Ironic considering my last post, but I’m starting to wonder if I’m really in the safe zone, or even have a handle on exactly what this illness is about. For the last two days I’ve been feeling much worse. My lymph nodes have begun to show signs of swelling again, and most importantly my fatigue and headaches are much worse. Both of the last two days I’ve felt nauseous and in need of a nap by as early as 9:15am. I’ve wanted another nap by afternoon, and had ongoing headaches in the afternoon to boot. I feel as if biking to school with my son exhausted me for the whole day (though I haven’t been keeping up with my bike riding, so I could also be losing stamina from that). None of this matches my picture of what should be happening by now, and I will admit I am disappointed and frustrated that it is happening. I have gotten about 7-8 hours a night of sleep for the last few days, sometimes interrupted, so that be part of the problem, but if it is then the safe zone is a lot narrower than I thought.

symptoms, thoughts

Avoiding regression in chronic illness

Although I can’t say yet whether I have a chronic illness (I certainly hope not), I do know that I’ve been affected by lyme for over a year now, and in that period I’ve had at least 2 relapses (both before treatment). Now I’m attempting to give my body the space to get completely better. Since I am still at least partly symptomatic, I have to at least temporarily work on the assumption that if I push to hard I might get worse (or have a relapse). So how do I determine what is too hard?

Luckily (or unluckily) I have previous experience with chronic conditions that can relapse. Most pertinent was my experience with a repetitive strain injury. At my lowest point I couldn’t tie my own shoes or lift a glass of water (this was less than 6 months in). A month later I was able to type 30 minutes per day. 4 years later I was able to type 2 hours per day. Was this a smooth progression? No — when I tried to do too much, I would get much worse, and my rule of thumb was that it took exponentially longer to recover than to regress. Problem was, there was no line in the sand, no hard and fast rule about how many hours of typing would cause a regression and how many would not. Any give hour of typing could not be blamed for a regression, yet in sum the cause was obvious. So I had to simply tell myself no, even when I was not performing up to my standards, had a deadline I couldn’t meet, or simply missed coding. I had to guess whether the line was moving (as I healed) and how far it had traveled. Sometimes I just pushed the line, both to see how I was doing and because I was tired of being good. Most of the time I did not, and it was easy to tell when I was no where near the line, so I developed a routine that kept me there.

Now, with lyme, today, I know I am no where near the line. I feel, inside, as if I am improving, and some of the more peripheral symptoms are gone. On the other hand, I still have many symptoms including fatigue, headaches, fluid behind my knees and difficulty finding words. And while even regressing was fairly “safe” in the case of RSI, I absolutely do not want to take a chance and push myself backwards with lyme. So I am happily in the comfort zone, and plan to stay there for some time before I even consider doing anything that might push me close to the line. Somehow I will need to determine if it exists without crossing it, but I will figure that out later. For now, there’s a comfort in knowing I’ve managed this sort of situation before, and can recognize when I’m safe.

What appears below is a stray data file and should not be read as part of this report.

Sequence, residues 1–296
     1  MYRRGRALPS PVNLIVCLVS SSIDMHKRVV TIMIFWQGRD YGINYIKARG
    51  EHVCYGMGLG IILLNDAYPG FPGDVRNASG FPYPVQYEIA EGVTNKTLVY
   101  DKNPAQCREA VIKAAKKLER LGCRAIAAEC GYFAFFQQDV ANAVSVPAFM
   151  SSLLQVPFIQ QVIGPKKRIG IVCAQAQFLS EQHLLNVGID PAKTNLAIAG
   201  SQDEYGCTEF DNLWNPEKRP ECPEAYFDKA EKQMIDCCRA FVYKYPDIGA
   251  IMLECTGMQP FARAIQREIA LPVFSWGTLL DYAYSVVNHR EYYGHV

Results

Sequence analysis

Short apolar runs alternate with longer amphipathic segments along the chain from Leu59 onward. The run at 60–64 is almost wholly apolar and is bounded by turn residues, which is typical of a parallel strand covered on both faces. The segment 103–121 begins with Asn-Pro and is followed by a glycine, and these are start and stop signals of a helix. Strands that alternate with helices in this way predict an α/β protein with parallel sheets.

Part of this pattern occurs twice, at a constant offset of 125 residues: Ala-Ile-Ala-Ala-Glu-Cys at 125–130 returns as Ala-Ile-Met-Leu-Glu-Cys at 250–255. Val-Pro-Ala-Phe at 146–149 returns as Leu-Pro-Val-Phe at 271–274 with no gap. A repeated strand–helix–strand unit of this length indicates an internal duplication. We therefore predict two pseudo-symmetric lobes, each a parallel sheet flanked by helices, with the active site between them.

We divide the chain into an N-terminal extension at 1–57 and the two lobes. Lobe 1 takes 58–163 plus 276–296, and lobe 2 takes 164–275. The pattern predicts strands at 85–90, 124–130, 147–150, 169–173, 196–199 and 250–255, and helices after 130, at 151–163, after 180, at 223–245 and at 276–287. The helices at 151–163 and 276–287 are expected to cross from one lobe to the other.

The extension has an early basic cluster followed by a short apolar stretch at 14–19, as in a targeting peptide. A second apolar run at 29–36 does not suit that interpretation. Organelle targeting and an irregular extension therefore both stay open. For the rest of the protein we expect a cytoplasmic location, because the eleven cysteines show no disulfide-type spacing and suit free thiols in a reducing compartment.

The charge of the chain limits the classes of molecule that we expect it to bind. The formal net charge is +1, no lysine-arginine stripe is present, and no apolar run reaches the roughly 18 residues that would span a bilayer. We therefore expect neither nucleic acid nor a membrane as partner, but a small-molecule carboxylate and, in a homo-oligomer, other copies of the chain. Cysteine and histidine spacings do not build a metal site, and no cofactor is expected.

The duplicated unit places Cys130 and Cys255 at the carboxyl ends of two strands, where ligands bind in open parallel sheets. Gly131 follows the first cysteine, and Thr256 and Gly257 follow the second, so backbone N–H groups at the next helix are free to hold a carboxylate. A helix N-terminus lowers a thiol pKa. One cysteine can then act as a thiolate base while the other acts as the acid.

diagnosis, symptoms

More diagnosis … which stage was I in?

Lyme disease is multi-faceted because the lyme spirochete can attack different systems in the body. Typically, the longer someone is infected, the further it progresses, though there is no guarantee as to the order in which different types of symptoms will occur. In my case, because there was no known tick bite or acute onset of symptoms, we were not sure how long I’d been sick, though we knew it had been at least 11 months by the time the diagnosis came through. This meant that I was either in the early disseminated or late disseminated stage. A key difference in those stages is whether or not there is neural involvement or heart arrhythmia).

Also, we weren’t sure exactly which symptoms I did or did not have because many of them are quite subtle. For example, I am naturally a klutz, and a slow increase in klutziness was not immediately obvious to us. On the other hand, the week I knocked over 2 water glasses a night at dinner multiple nights in a row, we started to wonder if perhaps I was more clumsy than usual. Similarly, my memory has been bad, on and off, since my first child was keeping me up at night, multiple times per night, at 3 months of age (almost 4 years ago). Was it worse? I can’t really remember, as the joke goes.

In the end, all three of the doctors I saw, including doctors from both sides of the lyme wars, agreed that I might have neural involvement (luckily, I had no heart arrhythmia). The symptoms that seemed to concern them included: my right pupil was a little slow to dilate; I had had facial paralysis; we (my husband and I) thought I was more clumsy than usual; my hearing was worse than usual; I had occasional headaches; the reflexes in my ankles were more jittery than normal; a reflex in my elbows was unresponsive; we thought my memory was worse than usual; I had had sharp shooting pains in my arm. Some of these things (such as my right pupil) may have existed before the lyme, others (such as my clumsiness and hearing) are highly subjective, and none of the doctors sat down and explained exactly which symptoms were most important in their diagnosis. So I don’t know exactly why they came to the conclusion they did. However, they all agreed, and the suggested treatment in cases with neural involvement is IV antibiotics (this is something doctors on both sides of the lyme wars tend to agree on). Thus, the day after I saw the third doctor, I headed to the hospital to have a PIC line put in.